Thursday, June 23, 2016

How Votes Were Nullified in California? By Julia Stein  June 17, 2016

By June 10, 2016, three days after the election, six million voters had been counted in California, but 2.5 million hadn’t been counted. Though pre-vote surveys showed Sanders only very narrowly behind Clinton right before voting day, the June 7 election count had Sanders 43% and Clinton 56%  (Sanders received 483,000 less votes than Clinton).  By law counties in California don’t have to finish their vote counting until July 8, 2016. Vote counting went slowly through June 16 when 1.9 million ballots still haven’t been counted (Truthdig). California votes were nullified.

According to the San Jose Mercury News in the 2012 primary election 31% of registered voters voted in California (2/3 of the states have more people voting), so the Democratic legislature in January 2016 changed the voting registration procedure making it easier and 650,000  people registered spring 2016, the largest increase in people 18-29.  The new law also allows people to be automatically registered when they visit the Department of Motor Vehicles, potentially adding up to 6.6 million new voters:   the legislature reasoned easier registration, problem solved. Though the state’s voting procedures and different ballots are quite complicated, a few Sanders’ supporters were the only people who tried to do any education on how to vote for new voters before election day.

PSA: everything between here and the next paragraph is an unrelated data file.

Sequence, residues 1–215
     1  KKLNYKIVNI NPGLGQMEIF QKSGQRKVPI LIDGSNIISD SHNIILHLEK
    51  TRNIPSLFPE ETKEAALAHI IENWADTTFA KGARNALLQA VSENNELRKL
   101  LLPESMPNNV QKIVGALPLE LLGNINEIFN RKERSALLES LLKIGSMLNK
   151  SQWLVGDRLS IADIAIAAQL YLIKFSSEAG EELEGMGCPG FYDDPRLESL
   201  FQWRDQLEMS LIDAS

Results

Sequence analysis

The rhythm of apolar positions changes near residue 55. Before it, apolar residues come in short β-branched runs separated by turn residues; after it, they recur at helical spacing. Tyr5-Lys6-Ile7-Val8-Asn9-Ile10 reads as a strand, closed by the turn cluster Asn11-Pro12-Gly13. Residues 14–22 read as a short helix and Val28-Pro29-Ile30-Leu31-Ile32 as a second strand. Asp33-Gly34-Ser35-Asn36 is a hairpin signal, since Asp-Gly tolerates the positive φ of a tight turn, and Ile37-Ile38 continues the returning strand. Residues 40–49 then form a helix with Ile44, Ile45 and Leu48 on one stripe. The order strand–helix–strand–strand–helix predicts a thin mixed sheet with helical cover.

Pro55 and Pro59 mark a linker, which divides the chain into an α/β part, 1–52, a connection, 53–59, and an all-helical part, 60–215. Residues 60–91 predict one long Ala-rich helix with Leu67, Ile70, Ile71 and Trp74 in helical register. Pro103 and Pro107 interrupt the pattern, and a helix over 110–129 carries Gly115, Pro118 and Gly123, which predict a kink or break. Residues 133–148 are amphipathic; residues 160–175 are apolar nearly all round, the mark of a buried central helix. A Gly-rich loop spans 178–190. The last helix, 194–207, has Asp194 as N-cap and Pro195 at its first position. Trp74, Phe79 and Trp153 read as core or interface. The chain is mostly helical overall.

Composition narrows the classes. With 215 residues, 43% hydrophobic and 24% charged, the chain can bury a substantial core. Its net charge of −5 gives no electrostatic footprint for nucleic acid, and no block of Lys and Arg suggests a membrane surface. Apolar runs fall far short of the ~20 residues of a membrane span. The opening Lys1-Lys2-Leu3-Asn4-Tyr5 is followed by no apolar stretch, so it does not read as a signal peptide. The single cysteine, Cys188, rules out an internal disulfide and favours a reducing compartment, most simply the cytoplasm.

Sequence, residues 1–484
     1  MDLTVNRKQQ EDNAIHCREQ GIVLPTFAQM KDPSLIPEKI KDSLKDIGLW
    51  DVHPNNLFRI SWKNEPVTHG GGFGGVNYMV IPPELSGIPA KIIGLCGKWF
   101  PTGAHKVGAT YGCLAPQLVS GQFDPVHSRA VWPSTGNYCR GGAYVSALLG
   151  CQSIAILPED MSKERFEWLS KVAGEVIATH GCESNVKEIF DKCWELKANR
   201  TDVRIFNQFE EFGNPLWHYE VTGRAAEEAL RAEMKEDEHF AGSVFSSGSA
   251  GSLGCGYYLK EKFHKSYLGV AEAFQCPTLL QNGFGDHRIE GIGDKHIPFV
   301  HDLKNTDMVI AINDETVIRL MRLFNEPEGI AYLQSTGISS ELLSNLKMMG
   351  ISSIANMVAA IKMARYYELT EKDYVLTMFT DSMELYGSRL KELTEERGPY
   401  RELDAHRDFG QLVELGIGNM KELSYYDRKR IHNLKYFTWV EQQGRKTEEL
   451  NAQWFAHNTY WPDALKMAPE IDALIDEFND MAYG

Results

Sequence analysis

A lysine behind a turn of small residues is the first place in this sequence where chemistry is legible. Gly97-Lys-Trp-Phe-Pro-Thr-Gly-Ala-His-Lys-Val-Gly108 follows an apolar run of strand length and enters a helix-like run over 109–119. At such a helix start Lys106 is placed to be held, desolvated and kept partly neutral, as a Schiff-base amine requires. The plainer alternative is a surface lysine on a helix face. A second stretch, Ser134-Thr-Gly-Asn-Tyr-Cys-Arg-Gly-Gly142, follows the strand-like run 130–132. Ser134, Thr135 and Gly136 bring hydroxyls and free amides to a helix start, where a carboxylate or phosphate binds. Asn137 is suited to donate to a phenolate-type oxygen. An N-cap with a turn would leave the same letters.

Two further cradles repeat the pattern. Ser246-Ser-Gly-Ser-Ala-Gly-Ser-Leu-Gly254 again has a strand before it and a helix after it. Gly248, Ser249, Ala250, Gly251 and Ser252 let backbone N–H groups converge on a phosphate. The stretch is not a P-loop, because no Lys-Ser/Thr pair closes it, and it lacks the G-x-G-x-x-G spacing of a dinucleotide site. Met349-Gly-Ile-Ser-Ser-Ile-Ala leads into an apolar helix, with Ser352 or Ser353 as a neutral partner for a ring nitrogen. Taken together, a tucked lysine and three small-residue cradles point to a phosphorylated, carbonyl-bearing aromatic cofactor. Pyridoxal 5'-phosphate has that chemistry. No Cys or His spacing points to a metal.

June 6, 2016, the day before five states including California voted, the Associated Press and NBC  “News” both announced that Hillary Clinton had won the nomination based on a poll of super delegates, who don’t vote officially until July 25--a 100% false report. Mindy Romero, director of the UC Berkeley California Civil Engagement Project believes the AP report lowered turnout as many voters stayed home on Election Day—some Sanders voters stayed home.

A just released Harvard study by Professor T. Patterson and the Shorenstein Center on Media, Public Policy, and Politics, after studying eight cable news networks and newspapers, said, “The perception of the Clinton vs. Sanders race created by the media’s earliest coverage generated an aura of inevitability for Hillary Clinton and encouraged a dismissive attitude toward Sanders despite his early mega-rallies on the West Coast and huge advantage with small-dollar donations.” The Harvard study vindicated Bernie supporters that the mass media gave more coverage to Clinton “for the purpose of driving ad revenue and clicks rather than for the purpose of informing the public.”

Democracy Now on June 9, 2016, had Sanders consultant Larry Cohen say Sanders delegates at the Democratic Convention will criticize the problems in voting and will try to abolish the super delegate system. Super delegates are 15 % of the delegates whom voters don’t elect. The party elite, choosing super delegates from either other party elites or paid lobbyists who fund campaigns, instituted the super delegate system to end the voter insurgencies of the late 1960s and 1970s. Cohen argues corporations/Wall Street control the Democratic Party through the use of super delegates and their money, describing how in the state of Washington Sanders won with 72% of the vote but didn’t get one super delegate.